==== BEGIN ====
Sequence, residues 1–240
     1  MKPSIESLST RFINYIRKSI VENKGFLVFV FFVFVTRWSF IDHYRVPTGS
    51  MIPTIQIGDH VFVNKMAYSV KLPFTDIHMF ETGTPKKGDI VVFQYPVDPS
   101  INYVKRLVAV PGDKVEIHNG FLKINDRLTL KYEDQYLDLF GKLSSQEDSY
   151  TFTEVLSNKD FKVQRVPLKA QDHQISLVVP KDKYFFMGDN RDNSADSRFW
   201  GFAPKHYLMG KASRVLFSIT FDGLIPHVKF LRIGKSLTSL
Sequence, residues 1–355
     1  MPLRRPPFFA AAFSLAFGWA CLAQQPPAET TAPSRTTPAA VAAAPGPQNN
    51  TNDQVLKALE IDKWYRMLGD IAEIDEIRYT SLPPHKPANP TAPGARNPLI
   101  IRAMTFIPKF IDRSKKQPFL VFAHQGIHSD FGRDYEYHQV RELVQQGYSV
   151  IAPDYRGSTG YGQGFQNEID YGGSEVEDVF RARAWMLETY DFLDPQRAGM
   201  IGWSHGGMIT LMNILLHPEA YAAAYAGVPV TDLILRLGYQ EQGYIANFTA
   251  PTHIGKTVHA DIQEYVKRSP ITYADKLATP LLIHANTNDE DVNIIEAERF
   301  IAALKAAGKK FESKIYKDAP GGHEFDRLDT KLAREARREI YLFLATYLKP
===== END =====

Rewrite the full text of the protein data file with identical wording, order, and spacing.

Sequence, residues 1–240
     1  MKPSIESLST RFINYIRKSI VENKGFLVFV FFVFVTRWSF IDHYRVPTGS
    51  MIPTIQIGDH VFVNKMAYSV KLPFTDIHMF ETGTPKKGDI VVFQYPVDPS
   101  INYVKRLVAV PGDKVEIHNG FLKINDRLTL KYEDQYLDLF GKLSSQEDSY
   151  TFTEVLSNKD FKVQRVPLKA QDHQISLVVP KDKYFFMGDN RDNSADSRFW
   201  GFAPKHYLMG KASRVLFSIT FDGLIPHVKF LRIGKSLTSL
Sequence, residues 1–355
     1  MPLRRPPFFA AAFSLAFGWA CLAQQPPAET TAPSRTTPAA VAAAPGPQNN
    51  TNDQVLKALE IDKWYRMLGD IAEIDEIRYT SLPPHKPANP TAPGARNPLI
   101  IRAMTFIPKF IDRSKKQPFL VFAHQGIHSD FGRDYEYHQV RELVQQGYSV
   151  IAPDYRGSTG YGQGFQNEID YGGSEVEDVF RARAWMLETY DFLDPQRAGM
   201  IGWSHGGMIT LMNILLHPEA YAAAYAGVPV TDLILRLGYQ EQGYIANFTA
   251  PTHIGKTVHA DIQEYVKRSP ITYADKLATP LLIHANTNDE DVNIIEAERF
   301  IAALKAAGKK FESKIYKDAP GGHEFDRLDT KLAREARREI YLFLATYLKP